Nicola Sturgeon will today try to mobilise the general public in her battle to wring a second independence referendum out of Boris Johnson.

The First Minister will “urge people in Scotland to rally round the case for Scotland’s right to choose” as she publishes a paper setting out the “democratic case” for Indyref2.

Ms Sturgeon is later expected to request the power for Holyrood to hold the referendum immune from legal challenge, something Mr Johnson has already said he will swiftly refuse.

Ms Sturgeon has stepped up her demands for Indyref2 since the SNP’s emphatic win in the General Election last week, when it gained 12 seats to return 47 of the 59 MPs in Scotland.

The First Minister will this morning publish a Government paper entitled Scotland’s Right to Choose, setting out her case for transferring referendum powers from Westminster to Holyrood using a so-called Section 30 order.

It will argue she has an irrefutable mandate to re-run the vote she lost in 2014; Mr Johnson says he has a mandate of his own to preserve the Union and the No vote of five years ago still stands.

Earlier this week, Ms Sturgeon urged other parties and civic Scotland to come together to press for a new referendum.

Today, she will appeal directly to the public, suggesting the campaign for hearts and minds may be heading towards a new phase of street protests.

The opposition parties said she was trying to distract attention from a mounting list of failures in public services after almost 13 years of SNP government.

Ms Sturgeon, who wants to run Indyref2 in late 2020, said: “There is a clear mandate for this nation to have the power to decide its own future. The result of last week’s General Election makes that mandate unarguable.”

She said the Government would now “update the detailed and substantive case for independence”, a reference to a new White Paper reflecting the SNP’s changed position on a Scottish currency, depleted oil revenues and the impact of Brexit on trade and customs.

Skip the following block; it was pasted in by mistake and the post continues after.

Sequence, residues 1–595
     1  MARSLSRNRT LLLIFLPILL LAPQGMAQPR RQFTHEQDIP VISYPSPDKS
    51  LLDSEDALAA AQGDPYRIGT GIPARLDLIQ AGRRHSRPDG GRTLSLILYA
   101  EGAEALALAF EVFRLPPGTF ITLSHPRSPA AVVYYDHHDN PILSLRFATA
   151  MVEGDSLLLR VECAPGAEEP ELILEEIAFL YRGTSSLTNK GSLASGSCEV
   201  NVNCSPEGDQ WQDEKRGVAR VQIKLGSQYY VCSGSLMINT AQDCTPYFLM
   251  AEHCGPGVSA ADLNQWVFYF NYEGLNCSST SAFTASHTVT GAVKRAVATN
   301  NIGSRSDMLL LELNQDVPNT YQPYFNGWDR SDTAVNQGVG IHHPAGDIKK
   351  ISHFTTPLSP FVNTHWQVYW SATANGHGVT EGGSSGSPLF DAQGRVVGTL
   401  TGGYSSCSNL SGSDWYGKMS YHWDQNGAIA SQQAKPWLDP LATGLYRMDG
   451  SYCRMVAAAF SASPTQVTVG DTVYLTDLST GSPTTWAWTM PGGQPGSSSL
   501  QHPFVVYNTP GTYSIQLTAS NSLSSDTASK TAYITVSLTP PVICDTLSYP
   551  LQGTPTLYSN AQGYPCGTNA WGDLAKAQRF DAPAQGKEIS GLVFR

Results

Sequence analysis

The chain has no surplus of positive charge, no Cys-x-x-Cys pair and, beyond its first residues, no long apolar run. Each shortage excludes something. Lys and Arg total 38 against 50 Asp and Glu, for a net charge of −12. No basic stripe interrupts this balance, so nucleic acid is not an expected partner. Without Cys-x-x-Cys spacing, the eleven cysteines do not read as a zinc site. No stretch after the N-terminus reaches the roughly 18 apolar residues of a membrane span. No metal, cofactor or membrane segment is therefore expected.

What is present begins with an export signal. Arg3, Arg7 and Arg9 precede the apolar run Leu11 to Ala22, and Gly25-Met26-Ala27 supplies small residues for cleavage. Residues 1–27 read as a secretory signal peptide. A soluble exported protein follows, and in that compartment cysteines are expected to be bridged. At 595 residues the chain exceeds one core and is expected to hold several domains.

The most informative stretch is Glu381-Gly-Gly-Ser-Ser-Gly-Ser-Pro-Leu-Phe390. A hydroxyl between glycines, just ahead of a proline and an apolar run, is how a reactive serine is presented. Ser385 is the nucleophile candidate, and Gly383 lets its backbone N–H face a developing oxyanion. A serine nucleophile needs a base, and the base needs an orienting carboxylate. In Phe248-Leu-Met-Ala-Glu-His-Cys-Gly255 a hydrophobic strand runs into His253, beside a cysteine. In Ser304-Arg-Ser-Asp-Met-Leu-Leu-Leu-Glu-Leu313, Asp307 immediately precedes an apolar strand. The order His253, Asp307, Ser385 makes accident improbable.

She went on: “Whatever people’s views on the issue of independence itself, there is a wide and growing consensus that Scotland must be able to choose its own future. Now the election is over, and the result so overwhelmingly clear, I believe that consensus is growing by the day.

“The demand for this country to have the right to determine its own path comes not just from me as First Minister – it flows from the people of Scotland and the verdict they delivered last week.

“The Scottish Government believes that right should be exercised free from the threat of legal challenge. We understand that a referendum must be accepted as legitimate, here in Scotland and the UK, as well as in the EU and the wider international community.

“There is no doubt whatsoever there has been a material change in circumstances since 2014.

“Today I urge people in Scotland to rally round the case for Scotland’s right to choose – our right to self-determination.

“It is not the time for Scotland to give up on reasoned and democratic argument – but to pursue it ever more confidently.”

MSPs will also pass the Referendums (Scotland) Bill today, the legislation paving the way for Indyref2, provided Ms Sturgeon can get a Section 30 order.

The vote is a dilemma for Labour MSPs Monica Lennon and Neil Findlay, who said after the election result that the future of Scotland should be decided by Scots, not Westminster.

Labour has ordered MSPs to oppose the Bill, meaning Ms Lennon could lose her role as the party’s health spokesperson if she backs it.

Mr Findlay has more latitude as he has no frontbench position and is stepping down as an MSP at the 2021 election.

Scottish Tory leader Jackson Carlaw said: “How typical of this abysmal SNP Government that after presiding over the Sick Kids hospital fiasco, the scandal at Glasgow’s superhospital, the farce of the CalMac ferries delay and the ScotRail shambles, Nicola Sturgeon should seek to divert attention away from her failures with a divisive, grievance-laden attempt to drag us back to another independence referendum.

“Nicola Sturgeon has failed as First Minister and is using constitutional division to cover up for the fact. She must halt her march to indyref2 now and - along with the rest of the UK - let Scotland move on.”

Pamela Nash, chief executive of Scotland in Union, added: “The General Election result did not provide Nicola Sturgeon with a mandate for a divisive and unwanted second independence referendum.

“The majority of people in Scotland voted last week for parties that want Scotland to remain in the UK, and the First Minister herself has admitted that many who did vote for the SNP did so to stop Brexit or Boris - not for another Scexit referendum.

“Scotland’s future is already in Scotland’s hands, and the people of Scotland have made it clear they do not support a divisive second independence referendum next year.”